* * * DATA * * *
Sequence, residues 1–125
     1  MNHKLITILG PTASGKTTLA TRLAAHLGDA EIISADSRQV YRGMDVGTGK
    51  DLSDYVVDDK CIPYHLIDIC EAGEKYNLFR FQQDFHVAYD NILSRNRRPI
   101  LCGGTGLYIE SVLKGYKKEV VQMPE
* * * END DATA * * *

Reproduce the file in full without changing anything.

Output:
Sequence, residues 1–125
     1  MNHKLITILG PTASGKTTLA TRLAAHLGDA EIISADSRQV YRGMDVGTGK
    51  DLSDYVVDDK CIPYHLIDIC EAGEKYNLFR FQQDFHVAYD NILSRNRRPI
   101  LCGGTGLYIE SVLKGYKKEV VQMPE